The Corner

National Security & Defense

Uncommon Knowledge: James Wright on Enduring Vietnam

Historian James Wright, author of Enduring Vietnam: An America Generation and Its War, joins me on Uncommon Knowledge to discuss the challenges and successes of the Vietnam War. We discuss why the Vietnam War mattered, how the United States entered the war, the changing feelings of Americans at the time of the war, and much more.

Wright expands on how the Vietnam War fit into the greater strategy of the United States in the Cold War and why the United States entered it. He argues against the common idea that the Baby Boomer generation was the “Me Generation” in that 40 percent of them enlisted or were drafted into combat.

Wright interviewed more than one hundred people for the making of this book; in it, he discusses some of the stories he learned from the many soldiers who fought in the war. He tells the story of Hamburger Hill and how the Americans fought to take and then hold the A Sau valley in South Vietnam, which he believes was important even though many at West Point and the Army College do not teach it.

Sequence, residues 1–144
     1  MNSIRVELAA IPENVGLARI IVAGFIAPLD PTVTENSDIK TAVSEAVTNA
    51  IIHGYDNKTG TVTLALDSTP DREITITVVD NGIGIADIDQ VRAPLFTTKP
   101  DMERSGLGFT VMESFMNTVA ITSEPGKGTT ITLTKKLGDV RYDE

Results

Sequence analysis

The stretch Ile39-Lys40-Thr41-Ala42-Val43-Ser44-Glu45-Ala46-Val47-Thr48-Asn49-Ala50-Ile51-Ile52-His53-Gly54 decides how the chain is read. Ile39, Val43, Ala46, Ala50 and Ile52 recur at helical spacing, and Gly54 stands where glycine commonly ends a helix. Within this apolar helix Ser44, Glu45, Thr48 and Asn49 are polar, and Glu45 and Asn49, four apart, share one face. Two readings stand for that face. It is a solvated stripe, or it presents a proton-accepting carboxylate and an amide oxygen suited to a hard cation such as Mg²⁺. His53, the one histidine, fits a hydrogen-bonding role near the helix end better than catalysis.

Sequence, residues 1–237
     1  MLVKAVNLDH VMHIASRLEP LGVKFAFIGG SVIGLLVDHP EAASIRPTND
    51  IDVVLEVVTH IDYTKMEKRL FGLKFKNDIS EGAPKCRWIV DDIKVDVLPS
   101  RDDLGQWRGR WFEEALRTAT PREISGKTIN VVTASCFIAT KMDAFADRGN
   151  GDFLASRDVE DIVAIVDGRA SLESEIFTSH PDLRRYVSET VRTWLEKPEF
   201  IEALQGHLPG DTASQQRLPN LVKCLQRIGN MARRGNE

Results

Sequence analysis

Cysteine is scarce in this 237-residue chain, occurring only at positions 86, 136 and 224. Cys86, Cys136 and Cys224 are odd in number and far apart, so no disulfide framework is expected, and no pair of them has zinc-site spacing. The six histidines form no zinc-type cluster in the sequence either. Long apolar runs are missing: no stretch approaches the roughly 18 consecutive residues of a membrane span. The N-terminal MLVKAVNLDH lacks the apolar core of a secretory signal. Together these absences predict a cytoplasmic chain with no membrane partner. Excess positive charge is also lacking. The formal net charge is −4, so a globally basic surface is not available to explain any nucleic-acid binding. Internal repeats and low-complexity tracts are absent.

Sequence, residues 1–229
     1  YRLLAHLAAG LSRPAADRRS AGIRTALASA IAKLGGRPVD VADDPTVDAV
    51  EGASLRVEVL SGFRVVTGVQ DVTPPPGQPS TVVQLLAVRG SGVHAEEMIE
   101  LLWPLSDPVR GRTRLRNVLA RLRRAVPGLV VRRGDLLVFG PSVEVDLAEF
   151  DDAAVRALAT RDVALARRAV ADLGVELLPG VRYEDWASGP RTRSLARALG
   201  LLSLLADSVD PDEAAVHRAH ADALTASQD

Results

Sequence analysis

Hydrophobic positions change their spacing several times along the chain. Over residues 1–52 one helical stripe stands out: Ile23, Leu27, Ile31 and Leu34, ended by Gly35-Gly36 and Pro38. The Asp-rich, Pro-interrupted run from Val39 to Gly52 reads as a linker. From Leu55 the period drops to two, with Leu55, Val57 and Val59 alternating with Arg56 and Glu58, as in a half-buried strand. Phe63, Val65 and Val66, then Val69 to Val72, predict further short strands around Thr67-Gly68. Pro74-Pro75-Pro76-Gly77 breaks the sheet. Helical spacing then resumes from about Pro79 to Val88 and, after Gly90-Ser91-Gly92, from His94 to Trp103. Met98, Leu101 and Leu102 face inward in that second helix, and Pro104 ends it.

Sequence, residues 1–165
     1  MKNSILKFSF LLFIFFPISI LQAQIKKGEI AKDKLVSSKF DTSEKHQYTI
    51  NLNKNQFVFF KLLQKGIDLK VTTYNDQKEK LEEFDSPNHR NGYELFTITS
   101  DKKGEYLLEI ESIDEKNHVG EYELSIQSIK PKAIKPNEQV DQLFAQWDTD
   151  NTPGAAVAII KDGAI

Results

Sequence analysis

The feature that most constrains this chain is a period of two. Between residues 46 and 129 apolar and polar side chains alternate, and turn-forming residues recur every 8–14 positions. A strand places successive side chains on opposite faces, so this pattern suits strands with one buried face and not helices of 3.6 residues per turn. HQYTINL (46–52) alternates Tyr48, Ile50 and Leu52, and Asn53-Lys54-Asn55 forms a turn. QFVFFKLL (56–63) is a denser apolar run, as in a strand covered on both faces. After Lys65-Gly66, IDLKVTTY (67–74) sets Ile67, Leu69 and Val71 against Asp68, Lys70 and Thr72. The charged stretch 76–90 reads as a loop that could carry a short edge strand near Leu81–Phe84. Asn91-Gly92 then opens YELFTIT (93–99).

Wright discusses how, as the number of people drafted and the number of casualties increased, Americans began turning against the war after four years. He goes into detail about the strategies Nixon began to implement a phase-out for Americans in the war and start handing more combat and control over to the Army of the Republic of Vietnam.

Finally, Wright argues that — even though the U.S. pulled out of the war — because Communist Vietnam did not prove to be a threat afterward due to their long-standing mistrust of China, the United States didn’t fully lose.

Peter Robinson — Peter M. Robinson is a research fellow at the Hoover Institution.

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